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The ART Of Relief

By David S. Rosenthal

ART, or Active Release Technique, is a patented, state of the art soft-tissue system/movement-based massage technique that treats problems with muscles, tendons, ligaments, fascia, and nerves. Headaches, back pain, carpal tunnel syndrome, shin splints, shoulder pain, sciatica, plantar fasciitis, knee problems, and tennis elbow are just a few of the many conditions that can be resolved quickly and permanently with ART. These conditions all have one important thing in common: they are often a result of overused muscles.

How do overuse conditions occur?

Overused muscles (and other soft tissues) change in three important ways:

• acute conditions (pulls, tears, collisions, etc.)

• accumulation of small tears (micro-trauma)

• not getting enough oxygen (hypoxia)

Each of these factors can cause your body to produce tough, dense scar tissue in the affected area. This scar tissue binds up and ties down tissues that need to move freely. As scar tissue builds up, muscles become shorter and weaker, tension on tendons causes tendonitis, and nerves can become trapped. This can cause reduced range of motion, loss of strength, and pain. If a nerve is trapped, you may also feel tingling, numbness, and weakness.

Every ART session is actually a combination of examination and treatment. The ART provider uses his or her hands to evaluate the texture, tightness, and movement of muscles, fascia, tendons, ligaments, and nerves. Abnormal tissues are treated by combining precisely directed tension with very specific patient movements.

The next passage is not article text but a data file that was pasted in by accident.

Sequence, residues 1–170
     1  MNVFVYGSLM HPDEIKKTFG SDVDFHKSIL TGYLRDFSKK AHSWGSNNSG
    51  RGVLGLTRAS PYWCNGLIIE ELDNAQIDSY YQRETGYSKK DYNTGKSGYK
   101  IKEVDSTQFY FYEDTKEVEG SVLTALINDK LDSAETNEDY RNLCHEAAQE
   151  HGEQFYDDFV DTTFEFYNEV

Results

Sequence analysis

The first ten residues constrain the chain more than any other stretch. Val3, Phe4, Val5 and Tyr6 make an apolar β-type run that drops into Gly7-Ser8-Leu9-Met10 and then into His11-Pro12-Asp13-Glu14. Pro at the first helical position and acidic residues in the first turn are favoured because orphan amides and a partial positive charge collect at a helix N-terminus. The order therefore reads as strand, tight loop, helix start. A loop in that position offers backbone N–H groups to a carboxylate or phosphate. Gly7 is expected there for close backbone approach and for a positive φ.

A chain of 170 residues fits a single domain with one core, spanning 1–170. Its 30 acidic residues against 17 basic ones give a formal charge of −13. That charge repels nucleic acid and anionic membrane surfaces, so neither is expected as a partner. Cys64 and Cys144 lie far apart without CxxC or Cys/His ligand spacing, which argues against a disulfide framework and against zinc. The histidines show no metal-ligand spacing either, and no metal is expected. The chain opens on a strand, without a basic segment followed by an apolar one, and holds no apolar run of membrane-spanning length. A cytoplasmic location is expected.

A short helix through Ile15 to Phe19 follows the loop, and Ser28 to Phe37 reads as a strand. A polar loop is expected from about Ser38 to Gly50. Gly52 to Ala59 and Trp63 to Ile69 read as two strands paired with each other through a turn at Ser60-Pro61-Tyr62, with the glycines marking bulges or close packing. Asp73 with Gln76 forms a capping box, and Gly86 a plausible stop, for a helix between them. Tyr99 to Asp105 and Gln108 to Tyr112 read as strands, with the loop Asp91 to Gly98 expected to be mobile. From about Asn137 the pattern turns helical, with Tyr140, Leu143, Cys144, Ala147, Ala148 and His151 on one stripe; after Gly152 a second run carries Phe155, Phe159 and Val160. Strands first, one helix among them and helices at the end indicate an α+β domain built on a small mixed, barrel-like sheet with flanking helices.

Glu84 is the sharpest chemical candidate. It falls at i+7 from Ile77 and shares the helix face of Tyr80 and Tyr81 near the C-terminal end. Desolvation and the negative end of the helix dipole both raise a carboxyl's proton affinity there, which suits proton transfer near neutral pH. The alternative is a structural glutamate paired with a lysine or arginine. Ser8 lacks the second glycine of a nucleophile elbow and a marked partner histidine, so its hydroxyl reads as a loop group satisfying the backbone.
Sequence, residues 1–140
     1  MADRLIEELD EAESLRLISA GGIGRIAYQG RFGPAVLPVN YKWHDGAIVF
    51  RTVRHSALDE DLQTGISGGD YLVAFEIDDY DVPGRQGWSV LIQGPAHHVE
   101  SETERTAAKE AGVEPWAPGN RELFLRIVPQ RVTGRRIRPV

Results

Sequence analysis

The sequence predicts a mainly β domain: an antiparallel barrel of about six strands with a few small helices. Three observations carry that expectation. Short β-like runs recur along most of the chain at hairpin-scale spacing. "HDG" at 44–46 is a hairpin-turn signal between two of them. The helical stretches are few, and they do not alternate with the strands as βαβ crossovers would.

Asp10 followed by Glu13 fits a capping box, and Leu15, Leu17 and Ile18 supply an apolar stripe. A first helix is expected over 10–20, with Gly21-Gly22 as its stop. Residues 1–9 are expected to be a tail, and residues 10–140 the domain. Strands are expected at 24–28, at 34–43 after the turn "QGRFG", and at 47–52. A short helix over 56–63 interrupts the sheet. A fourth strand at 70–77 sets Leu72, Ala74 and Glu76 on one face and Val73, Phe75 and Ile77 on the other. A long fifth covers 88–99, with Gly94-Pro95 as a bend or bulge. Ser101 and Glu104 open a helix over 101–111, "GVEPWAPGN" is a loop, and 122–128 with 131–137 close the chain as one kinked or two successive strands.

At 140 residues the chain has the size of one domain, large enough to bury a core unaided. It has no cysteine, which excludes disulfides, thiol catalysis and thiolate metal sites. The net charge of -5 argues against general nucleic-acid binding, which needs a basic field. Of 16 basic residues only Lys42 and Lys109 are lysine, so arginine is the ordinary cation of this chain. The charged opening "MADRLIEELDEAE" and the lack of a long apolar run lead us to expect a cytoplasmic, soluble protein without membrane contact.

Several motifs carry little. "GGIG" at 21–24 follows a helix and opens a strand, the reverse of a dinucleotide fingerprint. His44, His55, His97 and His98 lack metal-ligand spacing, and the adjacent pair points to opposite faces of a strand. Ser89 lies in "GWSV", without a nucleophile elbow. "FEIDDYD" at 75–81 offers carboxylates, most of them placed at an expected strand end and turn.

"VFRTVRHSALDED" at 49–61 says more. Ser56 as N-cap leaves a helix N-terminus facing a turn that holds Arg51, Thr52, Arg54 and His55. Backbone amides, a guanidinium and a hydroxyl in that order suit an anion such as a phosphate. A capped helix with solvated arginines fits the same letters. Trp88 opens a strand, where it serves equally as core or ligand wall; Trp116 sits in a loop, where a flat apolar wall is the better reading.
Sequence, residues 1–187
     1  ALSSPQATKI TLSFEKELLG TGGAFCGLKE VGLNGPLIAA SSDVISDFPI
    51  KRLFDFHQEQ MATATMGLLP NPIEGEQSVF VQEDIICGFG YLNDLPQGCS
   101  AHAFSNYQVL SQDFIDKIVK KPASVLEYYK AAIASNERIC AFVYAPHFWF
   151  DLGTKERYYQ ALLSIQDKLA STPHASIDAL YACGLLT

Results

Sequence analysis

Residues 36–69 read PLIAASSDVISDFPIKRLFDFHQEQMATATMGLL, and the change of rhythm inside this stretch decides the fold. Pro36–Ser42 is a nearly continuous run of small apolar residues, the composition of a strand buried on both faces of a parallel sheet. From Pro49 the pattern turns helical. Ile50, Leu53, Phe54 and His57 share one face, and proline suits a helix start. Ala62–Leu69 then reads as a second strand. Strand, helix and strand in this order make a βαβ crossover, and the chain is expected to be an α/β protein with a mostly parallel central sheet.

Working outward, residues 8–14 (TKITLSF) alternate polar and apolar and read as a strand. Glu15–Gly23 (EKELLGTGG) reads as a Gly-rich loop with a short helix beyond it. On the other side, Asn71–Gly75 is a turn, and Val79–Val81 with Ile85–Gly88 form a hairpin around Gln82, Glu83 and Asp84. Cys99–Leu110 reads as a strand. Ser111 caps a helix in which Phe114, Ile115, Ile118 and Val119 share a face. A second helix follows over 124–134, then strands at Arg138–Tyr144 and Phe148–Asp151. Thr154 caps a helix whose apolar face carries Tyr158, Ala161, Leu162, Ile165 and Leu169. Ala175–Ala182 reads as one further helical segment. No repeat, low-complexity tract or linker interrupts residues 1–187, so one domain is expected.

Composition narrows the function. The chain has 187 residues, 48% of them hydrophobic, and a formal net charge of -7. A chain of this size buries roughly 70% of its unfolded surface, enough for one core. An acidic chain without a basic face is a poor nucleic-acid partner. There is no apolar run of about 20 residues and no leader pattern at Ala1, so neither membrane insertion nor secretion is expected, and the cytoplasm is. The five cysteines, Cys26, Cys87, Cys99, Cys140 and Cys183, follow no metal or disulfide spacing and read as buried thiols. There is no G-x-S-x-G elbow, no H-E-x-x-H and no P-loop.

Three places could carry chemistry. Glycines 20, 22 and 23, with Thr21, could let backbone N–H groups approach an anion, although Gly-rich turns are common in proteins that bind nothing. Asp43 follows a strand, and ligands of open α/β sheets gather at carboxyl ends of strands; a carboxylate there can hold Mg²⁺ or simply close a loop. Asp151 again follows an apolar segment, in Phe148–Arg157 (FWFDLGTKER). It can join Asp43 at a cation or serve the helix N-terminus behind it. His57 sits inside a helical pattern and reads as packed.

These treatment protocols—over 500 specific moves—are unique to ART. They allow providers to identify and correct the specific problems that are affecting each individual patient. ART is not a cookie-cutter approach.

ART provides pain relief, increased range of motion, and improved function of the joints in your body. v

David S. Rosenthal is a Practice Administrator at JFK Advanced Medical, PC, located near JFK. To schedule a consultation, please call 718-656-9500.

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Posted by on October 4, 2013. Filed under In This Week's Edition. You can follow any responses to this entry through the RSS 2.0. Both comments and pings are currently closed.